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CHM 235 – Dr. Skrabal Statistics for Quantitative Analysis • Statistics: Set of mathematical tools used to describe and make judgments about data • Type of statistics we will talk about in this class has important assumption associated with it: Experimental variation in the population from which samples are drawn has a normal (Gaussian, bell-shaped) distribution. - Parametric vs. non-parametric statistics Normal distribution • Infinite members of group: population •Characterize population by taking samples •The larger the number of samples, the closer the distribution becomes to normal • Equation of normal distribution: 1 ( x ) 2 / 2 2 y e 2 Normal distribution • Estimate of mean value of population = • Estimate of mean value of samples = x x i Mean = x i n Normal distribution • Degree of scatter (measure of central tendency) of population is quantified by calculating the standard deviation • Std. dev. of population = • Std. dev. of sample = s ( xi x ) 2 s i n 1 • Characterize sample by calculating xs Standard deviation and the normal distribution • Standard deviation defines the shape of the normal distribution (particularly width) • Larger std. dev. means more scatter about the mean, worse precision. • Smaller std. dev. means less scatter about the mean, better precision. Standard deviation and the normal distribution • There is a well-defined relationship between the std. dev. of a population and the normal distribution of the population: • x ± 1s encompasses 68.3 % of measurements • x ± 2s encompasses 95.5% of measurements • x ± 3s encompasses 99.7% of measurements • (May also consider these percentages of area under the curve) Example of mean and standard deviation calculation Consider Cu data: 5.23, 5.79, 6.21, 5.88, 6.02 nM x = 5.826 nM 5.82 nM s = 0.368 nM 0.36 nM Answer: 5.82 ± 0.36 nM or 5.8 ± 0.4 nM Relative standard deviation (rsd) or coefficient of variation (CV) s rsd or CV = 100 x From previous example, rsd = (0.36 nM/5.82 nM) 100 = 6.1% or 6% Average deviation • Another way to express degree of scatter or uncertainty in data. Not as ( x x ) i statistically meaningful as d i standard deviation, but n useful for small samples. Using previous data: 5.23 5.82 5.79 5.82 6.21 5.82 5.88 5.82 6.02 5.82 d 5 d 0.25 0.25 or 0.2 nM Answer : 5.82 0.25 nM or 5.8 0.2 nM Some useful statistical tests • To characterize or make judgments about data • Tests that use the Student’s t distribution – Confidence intervals – Comparing a measured result with a “known” value – Comparing replicate measurements (comparison of means of two sets of data) – Q test to determine outliers From D.C. Harris (2003) Quantitative Chemical Analysis, 6th Ed. Confidence Intervals (CI) • Quantifies how far the true mean () lies from the measured mean, x. Uses the mean and standard deviation of the sample. ts x n where t is from the t-table and n = number of measurements. Degrees of freedom (df) = n - 1 for the CI. Example of calculating a confidence interval Consider measurement of dissolved Ti in a standard seawater (NASS-3): Data: 1.34, 1.15, 1.28, 1.18, 1.33, 1.65, 1.48 nM DF = n – 1 = 7 – 1 = 6 ts x x = 1.34 nM or 1.3 nM s = 0.17 or 0.2 nM 95% confidence interval t(df=6,95%) = 2.447 n CI95 = 1.3 ± 0.16 or 1.3 ± 0.2 nM 50% confidence interval t(df=6,50%) = 0.718 CI50 = 1.3 ± 0.05 nM Interpreting the confidence interval • For a 95% CI, there is a 95% probability that the true mean () lies between the range 1.3 ± 0.2 nM, or between 1.1 and 1.5 nM • For a 50% CI, there is a 50% probability that the true mean lies between the range 1.3 ± 0.05 nM, or between 1.25 and 1.35 nM • Note that CI will decrease as n is increased • Useful for characterizing data that are regularly obtained; e.g., quality assurance, quality control Comparing a measured result with a “known” value • “Known” value would typically be a certified value from a standard reference material (SRM) • Another application of the t statistic known value x t calc n s Will compare tcalc to tabulated value of t at appropriate df and CL. df = n -1 for this test Comparing a measured result with a “known” value--example Dissolved Fe analysis verified using NASS-3 seawater SRM Certified value = 5.85 nM Experimental results: 5.76 ± 0.17 nM (n = 10) known value x 5.85 5.76 tcalc n 10 1.674 s 0.17 (Keep 3 decimal places for comparison to table.) Compare to ttable; df = 10 - 1 = 9, 95% CL ttable(df=9,95% CL) = 2.262 If |tcalc| < ttable, results are not significantly different at the 95% CL. If |tcalc| ttable, results are significantly different at the 95% CL. For this example, tcalc < ttest, so experimental results are not significantly different at the 95% CL Comparing replicate measurements or comparing means of two sets of data • Yet another application of the t statistic • Example: Given the same sample analyzed by two different methods, do the two methods give the “same” result? x1 x 2 n1 n2 t calc s pooled n1 n2 s12 (n1 1) s 2 (n2 1) 2 s pooled n1 n2 2 Will compare tcalc to tabulated value of t at appropriate df and CL. df = n1 + n2 – 2 for this test Comparing replicate measurements or comparing means of two sets of data—example Determination of nickel in sewage sludge using two different methods Method 1: Atomic absorption Method 2: Spectrophotometry spectroscopy Data: 3.91, 4.02, 3.86, 3.99 mg/g Data: 3.52, 3.77, 3.49, 3.59 mg/g x1 = 3.945 mg/g x2 = 3.59 mg/g s1 = 0.073 mg/g = 0.12 mg/g s2 n1 =4 n2 =4 Comparing replicate measurements or comparing means of two sets of data—example s12 (n1 1) s2 (n2 1) 2 (0.073 ) 2 (4 1) (0.12 ) 2 (4 1) s pooled 0.0993 n1 n2 2 442 x1 x2 n1 n2 3.945 3.59 (4)(4) tcalc 5.056 s pooled n1 n2 0.0993 44 Note: Keep 3 decimal places to compare to ttable. Compare to ttable at df = 4 + 4 – 2 = 6 and 95% CL. ttable(df=6,95% CL) = 2.447 If |tcalc| ttable, results are not significantly different at the 95%. CL. If |tcalc| ttable, results are significantly different at the 95% CL. Since |tcalc| (5.056) ttable (2.447), results from the two methods are significantly different at the 95% CL. Evaluating questionable data points using the Q-test • Need a way to test questionable data points (outliers) in an unbiased way. • Q-test is a common method to do this. • Requires 4 or more data points to apply. Calculate Qcalc and compare to Qtable Qcalc = gap/range Gap = (difference between questionable data pt. and its nearest neighbor) Range = (largest data point – smallest data point) Evaluating questionable data points using the Q-test--example Consider set of data; Cu values in sewage sample: 9.52, 10.7, 13.1, 9.71, 10.3, 9.99 mg/L Arrange data in increasing or decreasing order: 9.52, 9.71, 9.99, 10.3, 10.7, 13.1 The questionable data point (outlier) is 13.1 gap (13 .1 10 .7) Calculate Qcalc 0.670 range (13 .1 9.52 ) Compare Qcalc to Qtable for n observations and desired CL (90% or 95% is typical). It is desirable to keep 2-3 decimal places in Qcalc so judgment from table can be made. Qtable (n=6,90% CL) = 0.56 From G.D. Christian (1994) Analytical Chemistry, 5th Ed. Evaluating questionable data points using the Q-test--example If Qcalc < Qtable, do not reject questionable data point at stated CL. If Qcalc Qtable, reject questionable data point at stated CL. From previous example, Qcalc (0.670) > Qtable (0.56), so reject data point at 90% CL. Subsequent calculations (e.g., mean and standard deviation) should then exclude the rejected point. Mean and std. dev. of remaining data: 10.04 0.47 mg/L • END Flowchart for comparing means of two sets of data or replicate measurements Use F-test to see if std. devs. of the 2 sets of data are significantly different or not Std. devs. are Std. devs. are not significantly different significantly different Use the 2nd version Use the 1st version of the of the t-test (the t-test (see previous, fully beastly version) worked-out example) Comparing replicate measurements or comparing means from two sets of data when std. devs. are significantly different x1 x2 tcalc s12 / n1 s2 / n2 2 ( s1 / n1 s2 / n2 ) 2 2 2 DF 2 2 ( s1 / n1 ) 2 ( s2 / n2 ) 2 2 n1 1 n2 1 Comparing replicate measurements or comparing means of two sets of data Wait a minute! There is an important assumption associated with this t-test: It is assumed that the standard deviations (i.e., the precision) of the two sets of data being compared are not significantly different. • How do you test to see if the two std. devs. are different? • How do you compare two sets of data whose std. devs. are significantly different? F-test to compare standard deviations • Used to determine if std. devs. are significantly different before application of t-test to compare replicate measurements or compare means of two sets of data • Also used as a simple general test to compare the precision (as measured by the std. devs.) of two sets of data • Uses F distribution F-test to compare standard deviations Will compute Fcalc and compare to Ftable. s12 Fcalc 2 where s1 s2 s2 DF = n1 - 1 and n2 - 1 for this test. Choose confidence level (95% is a typical CL). From D.C. Harris (2003) Quantitative Chemical Analysis, 6th Ed . F-test to compare standard deviations From previous example: Let s1 = 0.12 and s2 = 0.073 s12 (0.12 ) 2 Fcalc 2 2.70 s2 (0.073 ) 2 Note: Keep 2 or 3 decimal places to compare with Ftable. Compare Fcalc to Ftable at df = (n1 -1, n2 -1) = 3,3 and 95% CL. If Fcalc Ftable, std. devs. are not significantly different at 95% CL. If Fcalc Ftable, std. devs. are significantly different at 95% CL. Ftable(df=3,3;95% CL) = 9.28 Since Fcalc (2.70) < Ftable (9.28), std. devs. of the two sets of data are not significantly different at the 95% CL. (Precisions are similar.) Comparing replicate measurements or comparing means of two sets of data-- revisited The use of the t-test for comparing means was justified for the previous example because we showed that standard deviations of the two sets of data were not significantly different. If the F-test shows that std. devs. of two sets of data are significantly different and you need to compare the means, use a different version of the t-test One last comment on the F-test Note that the F-test can be used to simply test whether or not two sets of data have statistically similar precisions or not. Can use to answer a question such as: Do method one and method two provide similar precisions for the analysis of the same analyte? Standard error • Tells us that standard deviation of set of samples should decrease if we take more measurements s • Standard error = sx n • Take twice as many measurements, s decreases by 2 1 .4 • Take 4x as many measurements, s decreases by 42 • There are several quantitative ways to determine the sample size required to achieve a desired precision for various statistical applications. Can consult statistics textbooks for further information; e.g. J.H. Zar, Biostatistical Analysis Variance Used in many other statistical calculations and tests Variance = s2 From previous example, s = 0.36 s2 = (0.36)2 = 0. 129 (not rounded because it is usually used in further calculations) Relative average deviation (RAD) d RAD 100 (as percentage) x d RAD 1000 (as parts per thousand, ppt ) x Using previous data, RAD = (0. 25/5.82) 100 = 4.2 or 4% RAD = (0. 25/5.82) 1000 = 42 ppt 4.2 x 101 or 4 x 101 ppt (0/00)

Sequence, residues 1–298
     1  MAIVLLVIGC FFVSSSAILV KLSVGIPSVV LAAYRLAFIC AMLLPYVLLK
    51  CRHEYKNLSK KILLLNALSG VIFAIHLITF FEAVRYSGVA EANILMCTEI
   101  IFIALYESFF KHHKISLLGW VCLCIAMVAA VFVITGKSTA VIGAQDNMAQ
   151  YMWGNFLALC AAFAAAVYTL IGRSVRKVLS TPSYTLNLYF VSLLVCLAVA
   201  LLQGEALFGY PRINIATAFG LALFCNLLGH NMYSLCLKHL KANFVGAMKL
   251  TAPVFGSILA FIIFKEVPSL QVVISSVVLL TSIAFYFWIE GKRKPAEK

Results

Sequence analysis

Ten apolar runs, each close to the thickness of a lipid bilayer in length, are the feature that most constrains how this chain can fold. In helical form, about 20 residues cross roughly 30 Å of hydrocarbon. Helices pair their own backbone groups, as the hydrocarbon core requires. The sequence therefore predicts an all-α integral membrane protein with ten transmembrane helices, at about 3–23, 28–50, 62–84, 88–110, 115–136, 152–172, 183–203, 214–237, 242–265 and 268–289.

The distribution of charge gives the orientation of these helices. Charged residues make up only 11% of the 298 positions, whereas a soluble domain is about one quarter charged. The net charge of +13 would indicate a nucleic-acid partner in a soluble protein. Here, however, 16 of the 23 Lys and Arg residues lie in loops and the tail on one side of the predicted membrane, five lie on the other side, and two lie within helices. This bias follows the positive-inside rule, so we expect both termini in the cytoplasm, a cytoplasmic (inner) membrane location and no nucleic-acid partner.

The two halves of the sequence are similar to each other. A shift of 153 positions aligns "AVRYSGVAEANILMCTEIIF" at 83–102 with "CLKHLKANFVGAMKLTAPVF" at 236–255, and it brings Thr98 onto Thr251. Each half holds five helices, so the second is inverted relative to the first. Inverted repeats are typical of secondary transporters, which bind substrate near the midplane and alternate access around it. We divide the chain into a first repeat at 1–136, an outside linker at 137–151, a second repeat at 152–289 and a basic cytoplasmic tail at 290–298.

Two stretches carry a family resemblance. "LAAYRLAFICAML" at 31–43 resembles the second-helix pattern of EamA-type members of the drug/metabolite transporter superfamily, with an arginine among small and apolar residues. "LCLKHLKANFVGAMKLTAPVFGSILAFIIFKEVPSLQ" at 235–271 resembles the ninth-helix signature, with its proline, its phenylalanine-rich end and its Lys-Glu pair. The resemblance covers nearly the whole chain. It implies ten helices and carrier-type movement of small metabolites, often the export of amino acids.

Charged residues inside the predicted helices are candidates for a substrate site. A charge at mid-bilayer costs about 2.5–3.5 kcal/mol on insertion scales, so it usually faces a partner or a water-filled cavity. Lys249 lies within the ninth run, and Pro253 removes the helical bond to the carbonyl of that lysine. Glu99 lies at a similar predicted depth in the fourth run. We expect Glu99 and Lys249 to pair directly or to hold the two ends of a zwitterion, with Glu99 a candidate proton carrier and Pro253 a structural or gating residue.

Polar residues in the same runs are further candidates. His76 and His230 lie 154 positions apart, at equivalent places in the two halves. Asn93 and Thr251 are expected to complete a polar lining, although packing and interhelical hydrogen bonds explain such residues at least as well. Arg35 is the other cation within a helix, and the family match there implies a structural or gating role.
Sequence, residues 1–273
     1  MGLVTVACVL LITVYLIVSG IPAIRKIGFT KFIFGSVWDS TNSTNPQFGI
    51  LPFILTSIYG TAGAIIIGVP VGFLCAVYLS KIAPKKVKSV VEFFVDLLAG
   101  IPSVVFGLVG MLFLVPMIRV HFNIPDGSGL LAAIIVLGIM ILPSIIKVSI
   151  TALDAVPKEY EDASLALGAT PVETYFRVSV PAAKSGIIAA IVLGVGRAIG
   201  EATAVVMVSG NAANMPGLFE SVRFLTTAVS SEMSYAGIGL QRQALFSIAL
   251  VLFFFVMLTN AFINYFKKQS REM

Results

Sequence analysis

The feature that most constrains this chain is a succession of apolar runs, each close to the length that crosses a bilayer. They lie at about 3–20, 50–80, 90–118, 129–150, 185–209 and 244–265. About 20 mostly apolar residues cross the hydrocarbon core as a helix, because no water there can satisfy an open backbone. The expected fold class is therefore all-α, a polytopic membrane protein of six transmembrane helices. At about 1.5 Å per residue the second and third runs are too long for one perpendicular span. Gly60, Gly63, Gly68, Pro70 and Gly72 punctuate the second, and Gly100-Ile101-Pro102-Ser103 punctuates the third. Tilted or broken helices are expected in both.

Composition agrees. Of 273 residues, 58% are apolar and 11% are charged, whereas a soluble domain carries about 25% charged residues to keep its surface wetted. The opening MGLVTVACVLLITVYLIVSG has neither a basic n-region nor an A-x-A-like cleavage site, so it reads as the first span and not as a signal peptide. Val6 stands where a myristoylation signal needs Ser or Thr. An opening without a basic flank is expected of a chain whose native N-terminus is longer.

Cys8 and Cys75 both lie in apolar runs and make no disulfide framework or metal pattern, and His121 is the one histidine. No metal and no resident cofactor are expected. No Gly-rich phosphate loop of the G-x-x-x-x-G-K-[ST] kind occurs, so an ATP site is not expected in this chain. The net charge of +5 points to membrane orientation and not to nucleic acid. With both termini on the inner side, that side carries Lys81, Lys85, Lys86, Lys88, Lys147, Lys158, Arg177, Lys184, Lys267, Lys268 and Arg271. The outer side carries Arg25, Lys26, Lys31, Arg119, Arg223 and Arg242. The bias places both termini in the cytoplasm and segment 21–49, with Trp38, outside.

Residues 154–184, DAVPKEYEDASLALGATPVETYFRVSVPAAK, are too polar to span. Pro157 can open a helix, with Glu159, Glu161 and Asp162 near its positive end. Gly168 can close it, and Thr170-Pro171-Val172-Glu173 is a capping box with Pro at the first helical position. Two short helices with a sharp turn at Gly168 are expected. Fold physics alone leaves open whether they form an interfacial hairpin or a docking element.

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posted: | 12/24/2010 |

language: | English |